Christ's sheep are weak sheep, and lacking in something or other; He therefore applies Himself to the necessities of every sheep. He seeks that which was lost, and brings again that which was driven out of the way, and binds up that which was broken, and strengthens the weak. His tenderest care is over the weakest. He was most familiar and open to troubled souls.
We, indeed, look at things by pieces, we look at one detail and do not consider the relation that one thing has to another, but God looks at all things at once, and sees the relation that one thing has to another. ...the workman sees the dependence of all, one upon another. So it is in God's providence. Now notice how this works to contentment: when a certain passage of providence befalls me, that is one wheel, and it may be that if this wheel were stopped, a thousand other things might come to be stopped by this. In a clock, stop but one wheel and you stop every wheel because they are dependent upon one another. So when God has ordered a thing for the present to be thus and thus, how do you know how many things depend upon this thing? God may have some work to do twenty years hence that depends on the passage of providence that falls out this day or this week.
1. It comes from God's hand - Joseph 2. It reveals God's presence - Jacob 3. It causes us to seek God - King Manasseh (2 Chron. 33) 4. It confirms our faith - Job 5. It makes way for grace - Paul
As the painter intermixes bright colours with dark shadows, so the wise God mixes mercy with judgment.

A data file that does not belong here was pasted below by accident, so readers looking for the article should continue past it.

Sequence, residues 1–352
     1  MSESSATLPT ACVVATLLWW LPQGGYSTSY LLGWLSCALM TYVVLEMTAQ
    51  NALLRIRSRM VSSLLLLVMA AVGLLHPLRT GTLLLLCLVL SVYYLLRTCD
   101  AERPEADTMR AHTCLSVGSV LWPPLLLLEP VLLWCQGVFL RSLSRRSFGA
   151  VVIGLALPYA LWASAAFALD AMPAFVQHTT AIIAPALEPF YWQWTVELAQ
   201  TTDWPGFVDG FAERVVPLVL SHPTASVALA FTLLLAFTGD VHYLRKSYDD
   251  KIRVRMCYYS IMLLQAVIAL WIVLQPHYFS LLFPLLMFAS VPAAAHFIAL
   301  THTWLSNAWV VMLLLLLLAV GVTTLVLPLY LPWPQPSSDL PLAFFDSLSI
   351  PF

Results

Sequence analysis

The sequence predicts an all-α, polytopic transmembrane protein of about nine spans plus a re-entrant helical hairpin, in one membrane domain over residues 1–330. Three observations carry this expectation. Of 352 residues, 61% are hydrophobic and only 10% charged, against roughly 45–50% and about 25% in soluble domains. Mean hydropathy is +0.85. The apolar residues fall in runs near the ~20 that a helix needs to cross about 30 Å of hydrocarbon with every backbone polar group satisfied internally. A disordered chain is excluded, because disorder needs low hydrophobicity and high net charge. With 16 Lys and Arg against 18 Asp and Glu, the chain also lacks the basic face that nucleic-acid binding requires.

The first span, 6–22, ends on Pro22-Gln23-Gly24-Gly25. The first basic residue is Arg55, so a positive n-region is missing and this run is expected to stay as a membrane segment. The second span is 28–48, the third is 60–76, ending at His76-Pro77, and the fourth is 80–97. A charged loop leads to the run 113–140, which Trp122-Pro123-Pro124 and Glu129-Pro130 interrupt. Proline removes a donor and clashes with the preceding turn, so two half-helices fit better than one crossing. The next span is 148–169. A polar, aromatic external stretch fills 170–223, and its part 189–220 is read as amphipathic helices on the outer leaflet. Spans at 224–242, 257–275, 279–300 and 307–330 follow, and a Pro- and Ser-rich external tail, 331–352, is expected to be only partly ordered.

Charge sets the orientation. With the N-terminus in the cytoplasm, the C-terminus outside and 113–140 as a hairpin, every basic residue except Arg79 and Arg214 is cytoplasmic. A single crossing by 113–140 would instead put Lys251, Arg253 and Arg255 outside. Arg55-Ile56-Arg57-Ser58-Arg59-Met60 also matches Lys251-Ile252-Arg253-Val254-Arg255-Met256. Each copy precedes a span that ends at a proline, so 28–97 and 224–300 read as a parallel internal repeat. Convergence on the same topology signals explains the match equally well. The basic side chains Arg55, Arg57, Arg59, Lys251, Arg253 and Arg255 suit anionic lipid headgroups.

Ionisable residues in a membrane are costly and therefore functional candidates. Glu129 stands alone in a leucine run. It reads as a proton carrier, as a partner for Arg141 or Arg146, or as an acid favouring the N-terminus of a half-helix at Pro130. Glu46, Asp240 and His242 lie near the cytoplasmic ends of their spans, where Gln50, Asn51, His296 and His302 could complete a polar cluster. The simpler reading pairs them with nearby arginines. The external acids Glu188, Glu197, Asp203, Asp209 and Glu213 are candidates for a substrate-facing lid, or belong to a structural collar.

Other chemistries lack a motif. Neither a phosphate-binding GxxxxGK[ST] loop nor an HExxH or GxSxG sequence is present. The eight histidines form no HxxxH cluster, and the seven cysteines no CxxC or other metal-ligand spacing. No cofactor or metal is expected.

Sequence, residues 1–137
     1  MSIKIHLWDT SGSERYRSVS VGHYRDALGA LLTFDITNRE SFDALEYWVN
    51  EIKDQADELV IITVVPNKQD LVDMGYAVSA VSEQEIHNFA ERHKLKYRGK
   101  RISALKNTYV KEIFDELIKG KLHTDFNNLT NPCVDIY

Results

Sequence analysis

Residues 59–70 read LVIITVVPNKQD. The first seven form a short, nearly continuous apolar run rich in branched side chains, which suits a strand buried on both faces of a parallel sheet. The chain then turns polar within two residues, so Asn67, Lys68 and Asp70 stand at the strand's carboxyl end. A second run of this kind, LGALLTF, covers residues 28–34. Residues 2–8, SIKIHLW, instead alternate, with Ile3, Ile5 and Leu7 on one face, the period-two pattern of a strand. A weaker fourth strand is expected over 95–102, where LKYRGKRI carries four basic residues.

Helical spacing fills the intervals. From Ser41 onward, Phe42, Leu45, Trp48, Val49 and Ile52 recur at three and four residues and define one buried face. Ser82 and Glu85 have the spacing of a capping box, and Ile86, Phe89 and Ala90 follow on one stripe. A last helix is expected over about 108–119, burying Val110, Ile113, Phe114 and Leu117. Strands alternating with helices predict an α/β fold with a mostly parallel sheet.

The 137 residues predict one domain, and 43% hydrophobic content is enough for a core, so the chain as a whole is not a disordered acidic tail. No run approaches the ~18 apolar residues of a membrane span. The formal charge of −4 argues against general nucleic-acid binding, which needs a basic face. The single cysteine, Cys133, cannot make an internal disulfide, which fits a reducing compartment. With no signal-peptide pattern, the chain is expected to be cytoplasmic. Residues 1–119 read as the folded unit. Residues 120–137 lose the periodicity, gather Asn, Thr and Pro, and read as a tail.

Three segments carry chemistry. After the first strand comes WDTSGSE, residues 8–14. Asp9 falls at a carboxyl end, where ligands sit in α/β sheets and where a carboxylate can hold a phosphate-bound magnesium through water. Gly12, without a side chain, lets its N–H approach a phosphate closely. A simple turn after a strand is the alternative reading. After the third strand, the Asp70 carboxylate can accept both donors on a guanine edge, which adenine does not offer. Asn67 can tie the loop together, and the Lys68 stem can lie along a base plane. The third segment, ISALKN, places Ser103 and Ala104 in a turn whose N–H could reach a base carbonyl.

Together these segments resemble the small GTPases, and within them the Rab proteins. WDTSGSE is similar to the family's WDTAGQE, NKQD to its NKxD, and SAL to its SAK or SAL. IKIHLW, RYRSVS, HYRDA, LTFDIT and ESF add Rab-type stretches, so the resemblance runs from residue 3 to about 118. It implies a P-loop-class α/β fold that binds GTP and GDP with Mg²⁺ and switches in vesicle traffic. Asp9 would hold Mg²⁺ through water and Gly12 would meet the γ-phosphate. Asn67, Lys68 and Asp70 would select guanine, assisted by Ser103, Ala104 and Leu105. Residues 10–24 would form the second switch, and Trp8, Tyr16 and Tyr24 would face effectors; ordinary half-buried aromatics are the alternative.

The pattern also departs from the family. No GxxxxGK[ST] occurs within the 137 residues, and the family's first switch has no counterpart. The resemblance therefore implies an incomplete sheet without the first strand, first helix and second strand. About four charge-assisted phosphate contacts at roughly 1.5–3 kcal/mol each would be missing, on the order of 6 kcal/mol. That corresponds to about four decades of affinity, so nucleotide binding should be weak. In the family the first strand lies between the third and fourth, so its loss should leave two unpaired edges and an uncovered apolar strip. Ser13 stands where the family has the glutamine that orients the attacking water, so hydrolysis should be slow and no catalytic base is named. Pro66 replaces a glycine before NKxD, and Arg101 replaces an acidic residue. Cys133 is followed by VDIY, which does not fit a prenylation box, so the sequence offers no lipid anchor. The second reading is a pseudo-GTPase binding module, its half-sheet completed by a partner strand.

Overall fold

The EVIL OF TEMPTATION works for good.
1. It sends us to prayer. 2. It makes us battle-strong. 3. It abates the swelling of pride. 4. It shows us what is in our hearts. 5. It makes us fit to comfort others in distress. 6. It makes us objects of God's fatherly compassion. 7. It makes us long for heavenly rest. 8. It engages Christ's strength and comfort on our behalf.
The EVIL OF DESERTION works for good.
The Lord's love cannot be withdrawn from one who never had it. And he promises: "I will not hide my face forever."
1. It cures the soul of sloth. 2. It cures the soul of inordinate affections. 3. It makes us prize His countenance more. 4. It embitters sin to us. 5. It set us to weeping for the loss of God. 6. It sets the soul to seeking God earnestly. 7. It causes us to examine ourselves for the cause. 8. It gives us a taste of Christ's desertion by the Father. 9. It prepares us for future comforts.
The EVIL OF SIN works for good.
It is a matter of wonder that any honey should come out of this lion, but God overrules our sin.
1. The sins of others produce in us: holy sorrow, prayer, grace, opposition to sin, watchfulness, self-examination, good works
2. My own sins produce in me: holy sorrow, watchfulness, gratitude, humility, empathy